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Avoid potential fair housing violations in listings

by Kim Shindle on

78289626Using words that reference a protected class in listing advertisements can cause fair housing problems for Realtors®, according to Hank Lerner, Esq., PAR’s director of Professional Practice.

Fair housing violations in listings happen when an agent is trying to be helpful in describing who might want to live in a specific house or neighborhood,” Lerner said. “Agents need to remember that it’s not their job to decide what house is best suited for a client; it’s the client’s decision.”

TREND MLS, located in the southeastern part of Pennsylvania, implemented its own software to help flag words in remarks that are questionable or prohibited several years ago, according to Sharon Lukens, TREND’s director of design and communication.

The custom-built tool flags words before the listing is finished being entered. Agents are either not allowed to enter the word at all or stopped and warned, but they have the option to continue if they feel the word is acceptable.

“We work to help agents from making a very serious error before it happens,” Lukens said. “TREND takes a proactive approach and does a lot to educate agents about the rules and regulations they are required to follow.”

Bill Hammill, director of education for Real Estate Educators Real Estate School, teaches fair housing to Realtors®. “Realtors® need to watch how they respond to clients asking questions,” he said. “If the buyer asks ‘are there children in the neighborhood,’ a Realtor® may want to respond. But familial status is a protected class under fair housing regulations and if it’s perceived that you are driving a buyer toward a neighborhood or steering them away from a neighborhood that could be viewed as discriminatory.”

Hammill said that licensees inadvertently use words and phrases such as a ‘walk to churches,’ ‘great schools,’ ‘super yard for children,’ ‘retired/adults,’ — when not associated to specifically designed as housing for older persons — in their MLS descriptions and advertisements.

Della D. Csehoski, association executive for the Cambria-Somerset Association of Realtors®, has been manually reviewing members’ listings for potential fair housing violations for years. “We notify the Realtor® and if they don’t fix the listing immediately, we pull it until it has been corrected,” she said.

The association’s MLS is in the process of getting software for the MLS that will automatically review content, notify the agent, broker and the association that there may be a problem with a listing. “We want to make sure our members are careful. They should be using words to describe the property, not the people,” she said. “The two words that can get a Realtor® in trouble are perfect for…’.”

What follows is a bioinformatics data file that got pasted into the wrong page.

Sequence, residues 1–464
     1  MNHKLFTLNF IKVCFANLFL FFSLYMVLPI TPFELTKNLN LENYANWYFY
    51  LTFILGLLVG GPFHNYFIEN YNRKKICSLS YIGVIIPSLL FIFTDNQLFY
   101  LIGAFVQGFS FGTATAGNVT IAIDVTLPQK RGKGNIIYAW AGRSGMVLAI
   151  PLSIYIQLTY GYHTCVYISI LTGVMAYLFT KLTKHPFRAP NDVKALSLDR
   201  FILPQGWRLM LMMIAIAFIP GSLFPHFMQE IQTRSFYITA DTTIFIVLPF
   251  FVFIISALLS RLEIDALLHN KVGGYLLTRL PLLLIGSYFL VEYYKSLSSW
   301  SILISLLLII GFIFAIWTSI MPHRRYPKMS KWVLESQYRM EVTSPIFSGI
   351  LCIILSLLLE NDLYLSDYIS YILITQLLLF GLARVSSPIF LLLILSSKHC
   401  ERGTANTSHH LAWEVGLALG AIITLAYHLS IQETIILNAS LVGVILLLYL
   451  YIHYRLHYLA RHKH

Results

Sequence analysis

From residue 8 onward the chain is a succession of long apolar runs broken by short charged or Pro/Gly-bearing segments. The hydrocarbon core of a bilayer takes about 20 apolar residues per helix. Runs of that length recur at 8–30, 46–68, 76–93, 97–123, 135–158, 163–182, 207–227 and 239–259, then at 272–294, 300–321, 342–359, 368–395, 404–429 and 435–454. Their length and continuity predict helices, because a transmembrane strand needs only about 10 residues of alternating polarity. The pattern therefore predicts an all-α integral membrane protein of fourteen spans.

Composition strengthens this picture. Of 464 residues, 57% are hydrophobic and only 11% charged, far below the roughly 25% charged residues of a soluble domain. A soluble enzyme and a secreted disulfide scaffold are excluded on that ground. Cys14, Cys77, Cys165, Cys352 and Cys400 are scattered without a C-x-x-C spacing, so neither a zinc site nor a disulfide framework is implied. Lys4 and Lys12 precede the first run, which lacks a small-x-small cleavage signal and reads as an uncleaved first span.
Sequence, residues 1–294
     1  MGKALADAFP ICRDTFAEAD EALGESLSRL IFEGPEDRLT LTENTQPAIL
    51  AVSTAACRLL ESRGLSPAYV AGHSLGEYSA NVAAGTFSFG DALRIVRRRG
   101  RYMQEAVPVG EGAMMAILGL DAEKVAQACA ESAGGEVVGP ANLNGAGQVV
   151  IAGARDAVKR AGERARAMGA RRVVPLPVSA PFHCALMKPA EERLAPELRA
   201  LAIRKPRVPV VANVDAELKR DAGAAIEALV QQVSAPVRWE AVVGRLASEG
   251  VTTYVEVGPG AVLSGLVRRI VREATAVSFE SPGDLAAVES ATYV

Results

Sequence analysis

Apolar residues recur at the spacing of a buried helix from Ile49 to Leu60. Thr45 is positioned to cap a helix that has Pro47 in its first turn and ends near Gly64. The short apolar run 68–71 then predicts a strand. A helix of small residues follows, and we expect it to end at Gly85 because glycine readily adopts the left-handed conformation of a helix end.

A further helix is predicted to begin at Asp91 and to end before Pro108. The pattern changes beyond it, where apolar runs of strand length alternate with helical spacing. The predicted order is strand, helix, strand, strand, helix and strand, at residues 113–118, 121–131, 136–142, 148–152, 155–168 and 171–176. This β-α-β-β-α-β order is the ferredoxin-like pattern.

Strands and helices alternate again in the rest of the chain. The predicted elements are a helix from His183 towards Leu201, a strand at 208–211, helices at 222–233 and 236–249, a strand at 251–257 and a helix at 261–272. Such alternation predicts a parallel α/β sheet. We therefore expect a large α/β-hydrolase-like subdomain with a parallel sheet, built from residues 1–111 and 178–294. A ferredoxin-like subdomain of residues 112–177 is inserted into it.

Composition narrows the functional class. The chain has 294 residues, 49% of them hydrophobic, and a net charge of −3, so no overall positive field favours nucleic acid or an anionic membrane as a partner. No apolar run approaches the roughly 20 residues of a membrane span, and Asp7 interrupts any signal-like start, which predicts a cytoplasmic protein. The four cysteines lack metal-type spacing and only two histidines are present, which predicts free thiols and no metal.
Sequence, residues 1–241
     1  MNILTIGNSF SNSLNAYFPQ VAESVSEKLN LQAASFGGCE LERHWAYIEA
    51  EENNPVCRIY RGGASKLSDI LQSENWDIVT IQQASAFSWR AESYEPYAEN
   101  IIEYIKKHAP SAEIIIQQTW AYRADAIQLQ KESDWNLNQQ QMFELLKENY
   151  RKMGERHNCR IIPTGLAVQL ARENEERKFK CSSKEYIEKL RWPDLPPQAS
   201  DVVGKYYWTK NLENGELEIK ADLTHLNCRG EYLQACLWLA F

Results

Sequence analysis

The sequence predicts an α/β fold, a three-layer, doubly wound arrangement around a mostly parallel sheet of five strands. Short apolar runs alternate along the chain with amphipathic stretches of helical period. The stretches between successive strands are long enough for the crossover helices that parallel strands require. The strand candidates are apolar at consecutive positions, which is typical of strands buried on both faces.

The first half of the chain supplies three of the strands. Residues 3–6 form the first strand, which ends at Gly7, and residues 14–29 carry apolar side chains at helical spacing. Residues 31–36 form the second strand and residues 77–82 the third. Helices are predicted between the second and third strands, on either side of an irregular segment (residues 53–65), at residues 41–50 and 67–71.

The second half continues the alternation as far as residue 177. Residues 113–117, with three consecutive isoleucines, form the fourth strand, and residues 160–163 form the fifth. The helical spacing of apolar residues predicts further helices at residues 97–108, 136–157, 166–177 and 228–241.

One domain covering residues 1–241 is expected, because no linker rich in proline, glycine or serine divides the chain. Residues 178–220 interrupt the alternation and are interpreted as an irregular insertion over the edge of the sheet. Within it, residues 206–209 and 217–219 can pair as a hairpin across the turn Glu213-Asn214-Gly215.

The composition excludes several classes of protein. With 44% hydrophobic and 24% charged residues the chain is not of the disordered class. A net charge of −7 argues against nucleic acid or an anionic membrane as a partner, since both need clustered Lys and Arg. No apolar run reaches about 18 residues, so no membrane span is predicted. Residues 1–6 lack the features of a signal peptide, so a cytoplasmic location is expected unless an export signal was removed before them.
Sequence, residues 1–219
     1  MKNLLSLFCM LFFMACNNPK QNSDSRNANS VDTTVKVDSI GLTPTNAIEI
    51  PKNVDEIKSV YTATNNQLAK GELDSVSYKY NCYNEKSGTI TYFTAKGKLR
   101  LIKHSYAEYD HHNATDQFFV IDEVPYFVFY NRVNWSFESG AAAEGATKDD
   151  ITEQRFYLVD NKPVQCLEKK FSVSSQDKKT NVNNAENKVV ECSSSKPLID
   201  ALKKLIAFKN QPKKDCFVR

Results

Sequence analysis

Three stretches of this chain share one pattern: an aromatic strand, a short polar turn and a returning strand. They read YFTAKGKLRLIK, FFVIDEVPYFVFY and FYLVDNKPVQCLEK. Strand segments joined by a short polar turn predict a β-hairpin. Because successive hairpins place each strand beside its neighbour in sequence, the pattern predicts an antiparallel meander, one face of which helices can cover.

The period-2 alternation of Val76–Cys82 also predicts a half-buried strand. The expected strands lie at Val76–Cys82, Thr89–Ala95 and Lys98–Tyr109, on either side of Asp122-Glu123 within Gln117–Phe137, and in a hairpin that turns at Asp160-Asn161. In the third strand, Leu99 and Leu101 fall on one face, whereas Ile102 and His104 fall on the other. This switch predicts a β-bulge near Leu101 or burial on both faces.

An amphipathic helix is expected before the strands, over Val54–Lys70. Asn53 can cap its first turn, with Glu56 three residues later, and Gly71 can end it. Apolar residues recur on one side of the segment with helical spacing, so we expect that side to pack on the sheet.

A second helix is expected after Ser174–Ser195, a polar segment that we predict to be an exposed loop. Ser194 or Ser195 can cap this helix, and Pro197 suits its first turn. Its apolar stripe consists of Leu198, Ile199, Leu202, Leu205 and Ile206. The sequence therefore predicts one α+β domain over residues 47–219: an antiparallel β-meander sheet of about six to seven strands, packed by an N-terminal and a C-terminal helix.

The West Penn Multi-List recently introduced a Prohibited Words program which looks for offensive words in listings, according to Barbara Kohl, chief operating officer for West Penn. “The program calls attention to certain words, flags the word and notifies agents so they are able to remove it,” she explained. “The program puts the listing in a hold pattern until the agent removes the word or contacts us to discuss the word.”

The Lehigh Valley Association of Realtors® MLS is also implementing a new program that will catch words that may be a problem.

“At first we’ll just be reviewing the words, watching the trends and discovering if people are using words they shouldn’t be, like ‘child-friendly’,” said Justin Porembo, director of government affairs for the Lehigh Valley Association of Realtors®.

Michael Naratil, director of the Lehigh Valley MLS, said, “We’ll eventually have the option to run reports and remove a word to keep the listing from being in violation. Then we’ll be able to notify the member so he is aware the word was removed.

This software is being implemented as further protection for Lehigh Valley Realtors®. The association was able to install a list of restricted words from the Pennsylvania Human Relations Commission (PHRC) and they’re able to update the list as needed.

“We’re implementing this as part of the Broker’s Pledge in our Fair Housing Plan,” Porembo said. “We making sure that our members are educated and understand the Fair Housing law.”

Editor’s note: PAR’s Fair Housing Guidelines can be found parealtor.org.

Topics

MLS Federal Fair Housing Act
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Comments (3)

Comments

  • Charles Allan Dick    April 30, 2013 | 7:17 am

    It is so sad, to see this day come.
    No matter what you write down to describe a nice property.
    And no matter who ends up buying the property.
    Some pinhead bureaucrat can always construe the words into a
    fair housing violation and the hard working REALTOR is guilty until
    proven innocent.
    When you can’t call a family room a “family” room. Or when the nice fenced backyard can’t be seen as “great for kids”. (Or someday, great for “dogs” because “non-animal lovers” will be offended.)
    Very sad.

    Reply to Charles Allan Dick
  • Erica Ramus    April 30, 2013 | 7:29 am

    If everyone would simply “describe the property not the ideal buyer” it would cut out most of the potential fair housing violations. I saw a property advertised recently with “Fenced yard great for kids and dogs.” I pointed the potential violation out to the agent and she replied that my comment was not valid, as it’s a fact that a fenced yard IS great for kids and dogs. True, but it’s safer to simply stop at “fenced yard” and not to elaborate.

    Reply to Erica Ramus
  • ray    April 30, 2013 | 10:52 am

    I agree its sad that in America we can’t define what a “family” is.

    Reply to ray

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